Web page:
|Birth: ||Sep. 25, 1825|
|Death: ||Jan. 20, 1888|
From the "Handbook of Texas"
BALLINGER, WILLIAM PITT (1825-1888). William Pitt Ballinger, attorney, was born at Barbourville, Kentucky, on September 25, 1825, the son of James Franklin and Olivia (Adams) Ballinger. He attended St. Mary's College in Bardstown, Kentucky, moved to Galveston in 1843, and began the study of law with an uncle, James Love. He was admitted to the bar in 1847. During the Mexican War he enlisted as a private and advanced through the ranks to be adjutant of Albert Sidney Johnston's regiment.
In 1850 Ballinger married Hallie P. Jack of Brazoria County; the couple had three daughters and two sons. Ballinger served as a United States district attorney for Texas from 1850 until 1854, when he became a partner in a Galveston law firm with Thomas McKinney Jack and M. L. Mott. He successfully represented a group of Galveston wharf owners, who wished to retain possession of their property, against the City of Galveston. The case went to the Texas Supreme Court in 1859. In 1861 Ballinger was appointed Confederate receiver by Judge D. G. Hill of the Confederate District Court.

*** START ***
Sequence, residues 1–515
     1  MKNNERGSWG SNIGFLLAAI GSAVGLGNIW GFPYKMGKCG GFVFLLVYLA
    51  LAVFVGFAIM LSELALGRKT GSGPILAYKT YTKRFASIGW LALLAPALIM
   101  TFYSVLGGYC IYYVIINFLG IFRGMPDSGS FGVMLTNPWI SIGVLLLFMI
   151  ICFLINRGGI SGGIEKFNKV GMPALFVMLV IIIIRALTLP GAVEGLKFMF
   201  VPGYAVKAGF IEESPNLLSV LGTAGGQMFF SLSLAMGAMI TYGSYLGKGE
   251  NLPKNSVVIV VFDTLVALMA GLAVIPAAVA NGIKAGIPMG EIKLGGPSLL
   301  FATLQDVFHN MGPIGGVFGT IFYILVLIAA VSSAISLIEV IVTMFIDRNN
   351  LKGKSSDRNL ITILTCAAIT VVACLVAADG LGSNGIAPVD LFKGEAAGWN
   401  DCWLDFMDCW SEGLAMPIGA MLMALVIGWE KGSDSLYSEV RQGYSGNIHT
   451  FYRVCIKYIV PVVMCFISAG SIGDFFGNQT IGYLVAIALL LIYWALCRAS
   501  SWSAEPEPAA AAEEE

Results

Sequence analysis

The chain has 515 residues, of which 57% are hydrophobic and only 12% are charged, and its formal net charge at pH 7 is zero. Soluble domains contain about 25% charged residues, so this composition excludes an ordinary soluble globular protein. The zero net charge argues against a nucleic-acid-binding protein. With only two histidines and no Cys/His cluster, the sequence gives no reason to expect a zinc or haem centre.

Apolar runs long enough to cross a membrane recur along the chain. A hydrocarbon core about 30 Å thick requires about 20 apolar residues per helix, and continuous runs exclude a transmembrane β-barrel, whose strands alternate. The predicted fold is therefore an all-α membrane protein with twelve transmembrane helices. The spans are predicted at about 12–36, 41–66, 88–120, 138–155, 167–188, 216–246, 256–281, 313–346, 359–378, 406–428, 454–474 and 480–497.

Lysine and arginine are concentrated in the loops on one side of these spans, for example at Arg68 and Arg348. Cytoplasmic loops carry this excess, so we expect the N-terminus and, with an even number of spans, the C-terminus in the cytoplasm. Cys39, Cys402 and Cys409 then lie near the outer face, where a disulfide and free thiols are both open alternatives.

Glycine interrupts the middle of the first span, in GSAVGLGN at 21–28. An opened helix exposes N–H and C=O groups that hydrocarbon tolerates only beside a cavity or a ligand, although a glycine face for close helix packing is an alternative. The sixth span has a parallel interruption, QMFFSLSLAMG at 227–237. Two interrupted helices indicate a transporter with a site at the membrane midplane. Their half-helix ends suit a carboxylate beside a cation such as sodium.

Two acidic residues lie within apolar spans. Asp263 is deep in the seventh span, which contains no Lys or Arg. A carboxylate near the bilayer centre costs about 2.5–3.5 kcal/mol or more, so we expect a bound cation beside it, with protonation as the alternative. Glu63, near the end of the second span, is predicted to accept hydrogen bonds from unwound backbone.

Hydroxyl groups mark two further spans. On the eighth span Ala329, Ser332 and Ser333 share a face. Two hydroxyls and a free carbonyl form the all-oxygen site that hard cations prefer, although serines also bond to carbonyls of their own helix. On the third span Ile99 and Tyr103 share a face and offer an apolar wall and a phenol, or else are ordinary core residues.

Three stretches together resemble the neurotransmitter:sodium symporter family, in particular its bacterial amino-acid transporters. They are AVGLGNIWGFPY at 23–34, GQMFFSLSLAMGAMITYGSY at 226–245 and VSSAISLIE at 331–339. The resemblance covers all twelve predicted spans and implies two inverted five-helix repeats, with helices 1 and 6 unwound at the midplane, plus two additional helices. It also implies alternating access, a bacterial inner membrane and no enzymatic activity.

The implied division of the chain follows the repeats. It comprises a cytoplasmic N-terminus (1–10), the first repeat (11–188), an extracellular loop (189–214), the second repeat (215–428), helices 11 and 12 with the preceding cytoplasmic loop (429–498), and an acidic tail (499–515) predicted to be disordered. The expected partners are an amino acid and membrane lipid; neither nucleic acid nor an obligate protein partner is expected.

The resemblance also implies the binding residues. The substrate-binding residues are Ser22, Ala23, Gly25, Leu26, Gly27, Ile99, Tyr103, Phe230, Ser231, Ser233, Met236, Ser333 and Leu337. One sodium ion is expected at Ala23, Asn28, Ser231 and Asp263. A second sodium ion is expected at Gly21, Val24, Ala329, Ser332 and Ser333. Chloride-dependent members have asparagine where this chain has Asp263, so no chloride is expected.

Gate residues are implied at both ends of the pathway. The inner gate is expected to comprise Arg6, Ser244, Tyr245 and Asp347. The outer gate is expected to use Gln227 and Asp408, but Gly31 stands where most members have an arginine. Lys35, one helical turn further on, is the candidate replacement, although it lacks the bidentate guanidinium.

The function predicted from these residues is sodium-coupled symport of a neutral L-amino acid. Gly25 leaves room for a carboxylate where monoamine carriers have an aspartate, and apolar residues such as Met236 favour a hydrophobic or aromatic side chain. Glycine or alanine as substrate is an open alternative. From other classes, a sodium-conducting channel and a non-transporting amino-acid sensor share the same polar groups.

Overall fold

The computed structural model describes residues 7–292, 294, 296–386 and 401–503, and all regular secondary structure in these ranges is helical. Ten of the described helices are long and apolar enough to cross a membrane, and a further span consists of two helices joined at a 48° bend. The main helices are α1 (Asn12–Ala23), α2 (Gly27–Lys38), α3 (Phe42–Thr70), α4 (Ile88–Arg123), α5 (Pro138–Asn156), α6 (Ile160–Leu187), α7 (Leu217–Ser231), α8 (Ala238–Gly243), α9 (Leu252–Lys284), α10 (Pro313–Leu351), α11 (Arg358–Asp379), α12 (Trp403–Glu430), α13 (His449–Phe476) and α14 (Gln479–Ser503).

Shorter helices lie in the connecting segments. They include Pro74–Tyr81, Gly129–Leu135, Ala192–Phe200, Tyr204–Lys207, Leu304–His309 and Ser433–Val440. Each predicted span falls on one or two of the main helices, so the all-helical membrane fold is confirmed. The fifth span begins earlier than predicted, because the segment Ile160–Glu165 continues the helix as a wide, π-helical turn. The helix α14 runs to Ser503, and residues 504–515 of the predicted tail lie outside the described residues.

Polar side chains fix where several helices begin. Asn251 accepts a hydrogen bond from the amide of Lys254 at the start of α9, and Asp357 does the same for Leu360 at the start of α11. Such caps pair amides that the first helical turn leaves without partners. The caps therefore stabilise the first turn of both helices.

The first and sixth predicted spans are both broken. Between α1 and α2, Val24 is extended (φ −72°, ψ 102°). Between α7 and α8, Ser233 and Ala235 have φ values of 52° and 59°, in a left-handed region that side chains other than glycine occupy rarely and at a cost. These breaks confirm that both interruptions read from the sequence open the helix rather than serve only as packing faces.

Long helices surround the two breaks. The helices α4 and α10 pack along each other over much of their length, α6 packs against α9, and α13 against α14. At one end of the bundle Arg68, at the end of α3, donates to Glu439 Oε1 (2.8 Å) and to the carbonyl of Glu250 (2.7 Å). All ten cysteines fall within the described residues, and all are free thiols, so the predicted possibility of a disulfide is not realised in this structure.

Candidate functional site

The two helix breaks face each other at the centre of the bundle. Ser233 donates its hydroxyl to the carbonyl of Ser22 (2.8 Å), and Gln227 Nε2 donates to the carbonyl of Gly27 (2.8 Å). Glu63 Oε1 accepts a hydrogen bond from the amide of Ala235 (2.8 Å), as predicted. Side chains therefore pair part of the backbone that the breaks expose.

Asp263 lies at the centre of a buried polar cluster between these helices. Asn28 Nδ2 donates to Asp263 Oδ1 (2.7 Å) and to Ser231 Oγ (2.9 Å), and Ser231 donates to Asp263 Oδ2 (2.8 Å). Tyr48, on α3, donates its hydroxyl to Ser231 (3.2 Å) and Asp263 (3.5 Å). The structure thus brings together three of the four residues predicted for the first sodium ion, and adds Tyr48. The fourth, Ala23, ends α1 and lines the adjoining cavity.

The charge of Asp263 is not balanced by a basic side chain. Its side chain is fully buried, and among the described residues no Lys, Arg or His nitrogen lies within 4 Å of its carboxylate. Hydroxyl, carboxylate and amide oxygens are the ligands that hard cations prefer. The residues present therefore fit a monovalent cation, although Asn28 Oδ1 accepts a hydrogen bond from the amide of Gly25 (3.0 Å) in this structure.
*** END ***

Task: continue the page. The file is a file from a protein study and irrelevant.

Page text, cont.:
Gov. Pendleton Murrah and Gen. John Bankhead Magruder, commander of the district of Texas, appointed Ballinger and Ashbel Smith special commissioners at the end of the Civil War to secure terms of peace for the state. The commissioners arrived in New Orleans May 29, 1865, and petitioned for a conference with Gen. Edward R. S. Canby, but he was without authority to treat the subjects broached by the Texans. Ballinger declined appointments to the Texas Supreme Court in 1871 and 1874. He participated in the Constitutional Convention of 1875 as a member of the Judicial Committee. Texans offered Ballinger the Democratic nomination for governor in July 1878, but he refused.
His daughter Betty, with Hally Bryan Perry, organized the Daughters of the Republic of Texas. Ballinger died in Galveston on January 20, 1888. The county seat of Runnels County was named in his honor."
"The growing sectional conflict deeply disturbed Ballinger. A staunch nationalist, Ballinger, himself a small slaveholder, was opposed to secession. Like many Texas unionists, however, Ballinger threw his support to the Confederacy once the majority of Texans voted for separation. He was appointed receiver of alien enemy property and labored tirelessly for a Southern victory in the war."
-- from review in Mississippi Quarterly of William Pitt Ballinger: Texas Lawyer, 1825 - 1888, by John Anthony Moretta. Austin: Texas State Historical Association, 2000
Harriet Patrick Jack Ballinger (1829 - 1897)*
Created by: Patti Zapalac
Record added: Mar 07, 2009
Find A Grave Memorial# 34564853